Skip to Main Content

AgIT pilot program focuses on personalized approach

When Aaron Walz became head and senior director of the College of Agriculture’s information technology (IT) department, one of his first tasks was to  discuss strategy with Leanne McGiveron, director of business relationship management and assistant department head. As they uncovered areas for growth, it became clear that one of the most pressing needs across the college was more personalized support.

While call center and remote support are strong, faculty and staff still needed customized support for their department and individual needs. Walz and McGiveron took a cue from years past to implement a pilot program that would place staff back into departments where they could serve their customers in a more direct way.
Stepping out from behind the screen and piloting a more personalized approach

"One of the things we continued to hear was that there was a need for local on-site people who know the work and know the people. Our goal is to provide local, personalized service that understands the department and their needs." – Leanne McGiveron, director, business relationship management and assistant department head of Agriculture IT

In 2021, Agriculture IT launched its "office hours" pilot. The pilot moved trained IT analysts physically into departments with a set weekly schedule so that faculty, students and staff could have face-to-face access to IT services and expertise. The program began with three desktop analysts in three departments. By August 2022, the program grew to include a fourth department.

According to Walz, this change has been instrumental in providing great hands-on support and also in building meaningful working relationships between the IT team and the academic departments they serve. It has also provided higher satisfaction rates for both the analysts and the users.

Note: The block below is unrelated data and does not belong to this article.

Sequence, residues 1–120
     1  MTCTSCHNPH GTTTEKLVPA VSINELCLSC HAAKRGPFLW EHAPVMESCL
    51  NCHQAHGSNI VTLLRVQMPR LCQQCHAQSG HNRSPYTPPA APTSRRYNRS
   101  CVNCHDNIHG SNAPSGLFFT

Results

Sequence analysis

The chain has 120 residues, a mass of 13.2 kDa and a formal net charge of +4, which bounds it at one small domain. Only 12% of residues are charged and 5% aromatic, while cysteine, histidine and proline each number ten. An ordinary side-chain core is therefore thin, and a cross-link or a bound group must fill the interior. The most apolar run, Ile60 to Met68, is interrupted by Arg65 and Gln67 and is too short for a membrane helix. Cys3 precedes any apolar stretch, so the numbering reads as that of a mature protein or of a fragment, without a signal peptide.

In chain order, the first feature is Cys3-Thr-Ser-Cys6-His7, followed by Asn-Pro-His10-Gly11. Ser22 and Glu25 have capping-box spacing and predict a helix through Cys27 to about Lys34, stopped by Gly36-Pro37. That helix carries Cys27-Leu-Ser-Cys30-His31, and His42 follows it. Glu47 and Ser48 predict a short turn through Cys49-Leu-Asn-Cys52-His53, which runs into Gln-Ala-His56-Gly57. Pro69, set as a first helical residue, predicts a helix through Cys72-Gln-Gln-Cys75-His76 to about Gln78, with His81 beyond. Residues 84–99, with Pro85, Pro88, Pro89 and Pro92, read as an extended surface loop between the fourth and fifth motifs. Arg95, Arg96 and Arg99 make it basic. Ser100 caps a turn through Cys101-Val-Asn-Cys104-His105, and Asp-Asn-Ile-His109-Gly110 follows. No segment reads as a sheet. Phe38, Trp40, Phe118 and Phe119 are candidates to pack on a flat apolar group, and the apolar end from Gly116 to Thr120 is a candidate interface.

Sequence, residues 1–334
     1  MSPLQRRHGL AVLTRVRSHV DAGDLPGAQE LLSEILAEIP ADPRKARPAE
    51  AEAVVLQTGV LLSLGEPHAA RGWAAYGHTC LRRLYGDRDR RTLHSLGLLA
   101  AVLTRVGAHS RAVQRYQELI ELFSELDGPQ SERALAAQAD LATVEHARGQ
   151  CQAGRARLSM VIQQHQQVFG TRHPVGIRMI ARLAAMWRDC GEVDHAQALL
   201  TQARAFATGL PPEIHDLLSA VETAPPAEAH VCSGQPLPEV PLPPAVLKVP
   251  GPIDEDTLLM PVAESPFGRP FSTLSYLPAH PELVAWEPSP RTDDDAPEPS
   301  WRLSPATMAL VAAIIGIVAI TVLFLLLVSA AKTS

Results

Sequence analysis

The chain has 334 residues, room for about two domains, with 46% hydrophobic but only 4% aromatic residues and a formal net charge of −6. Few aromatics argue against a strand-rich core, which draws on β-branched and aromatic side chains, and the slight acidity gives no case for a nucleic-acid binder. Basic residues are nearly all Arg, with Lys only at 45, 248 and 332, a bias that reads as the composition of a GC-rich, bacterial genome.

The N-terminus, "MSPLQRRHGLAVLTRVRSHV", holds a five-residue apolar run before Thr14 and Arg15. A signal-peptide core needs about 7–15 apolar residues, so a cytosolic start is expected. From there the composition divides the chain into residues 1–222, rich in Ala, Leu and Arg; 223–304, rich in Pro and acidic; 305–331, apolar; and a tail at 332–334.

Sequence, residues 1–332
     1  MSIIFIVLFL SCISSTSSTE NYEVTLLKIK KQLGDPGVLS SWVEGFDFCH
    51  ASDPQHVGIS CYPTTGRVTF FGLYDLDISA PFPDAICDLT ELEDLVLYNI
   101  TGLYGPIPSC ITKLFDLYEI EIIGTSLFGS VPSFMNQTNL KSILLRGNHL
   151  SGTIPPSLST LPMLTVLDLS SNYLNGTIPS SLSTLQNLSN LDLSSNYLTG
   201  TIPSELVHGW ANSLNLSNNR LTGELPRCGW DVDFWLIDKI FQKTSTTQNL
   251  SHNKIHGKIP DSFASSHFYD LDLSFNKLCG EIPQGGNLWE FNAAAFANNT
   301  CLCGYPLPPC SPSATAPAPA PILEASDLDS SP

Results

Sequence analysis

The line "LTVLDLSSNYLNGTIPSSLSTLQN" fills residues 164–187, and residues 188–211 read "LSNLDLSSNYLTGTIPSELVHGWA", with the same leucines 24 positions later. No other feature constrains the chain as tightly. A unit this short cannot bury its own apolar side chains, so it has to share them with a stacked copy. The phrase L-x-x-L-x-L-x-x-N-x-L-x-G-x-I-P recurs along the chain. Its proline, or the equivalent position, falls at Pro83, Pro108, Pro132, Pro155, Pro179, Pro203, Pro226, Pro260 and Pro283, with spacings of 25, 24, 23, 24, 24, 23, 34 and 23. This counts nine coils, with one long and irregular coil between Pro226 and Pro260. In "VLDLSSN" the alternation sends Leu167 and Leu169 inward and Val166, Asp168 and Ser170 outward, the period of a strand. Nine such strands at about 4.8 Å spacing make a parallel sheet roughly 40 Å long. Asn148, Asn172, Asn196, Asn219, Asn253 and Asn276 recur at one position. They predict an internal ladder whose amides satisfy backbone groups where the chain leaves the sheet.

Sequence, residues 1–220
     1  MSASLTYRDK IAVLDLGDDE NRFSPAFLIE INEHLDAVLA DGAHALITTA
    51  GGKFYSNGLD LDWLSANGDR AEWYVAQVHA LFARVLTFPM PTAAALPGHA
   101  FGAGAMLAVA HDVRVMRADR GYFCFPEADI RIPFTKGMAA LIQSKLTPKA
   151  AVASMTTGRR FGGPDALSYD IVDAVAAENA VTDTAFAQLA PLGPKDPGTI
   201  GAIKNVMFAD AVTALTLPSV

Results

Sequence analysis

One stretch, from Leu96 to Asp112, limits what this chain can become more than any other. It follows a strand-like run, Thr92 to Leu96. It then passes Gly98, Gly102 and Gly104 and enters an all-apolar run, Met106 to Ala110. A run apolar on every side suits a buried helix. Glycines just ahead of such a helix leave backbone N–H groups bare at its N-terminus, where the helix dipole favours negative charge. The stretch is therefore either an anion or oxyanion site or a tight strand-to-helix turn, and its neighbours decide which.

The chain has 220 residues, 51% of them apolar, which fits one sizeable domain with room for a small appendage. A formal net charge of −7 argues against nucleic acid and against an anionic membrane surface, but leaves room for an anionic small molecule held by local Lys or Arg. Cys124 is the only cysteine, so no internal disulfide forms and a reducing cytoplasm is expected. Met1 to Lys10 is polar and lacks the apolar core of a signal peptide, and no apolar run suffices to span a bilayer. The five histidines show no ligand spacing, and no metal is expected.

Jessica Reno, manager of support services, has seen the implementation of the “Office Hours” impact her team's morale.

 "My team is getting more involved in research and technology. They have embedded themselves in the academic departments they serve to know their needs more fully and to be able to respond with efficiency and expertise."

McGiveron agrees with Reno. "What has happened when we pull staff from just interfacing through the screen is that we have humanized both the faculty and the analyst. They have gained a deeper understanding of each other, and they have developed relationships in which they are looking for ways to support one another with their expertise."

Ag IT office hour team. Dio Chavez from AgIT works with David Barbarash, associate professor and landscape architecture Co-op program director, during office hours.

"As the analysts integrate into the departments, they learn more about the work being done, and there is a pride that comes from supporting these projects,” Walz said. “This has translated to a greater overall pride for the work they are doing for the College because they see the impact they are making," Reno says.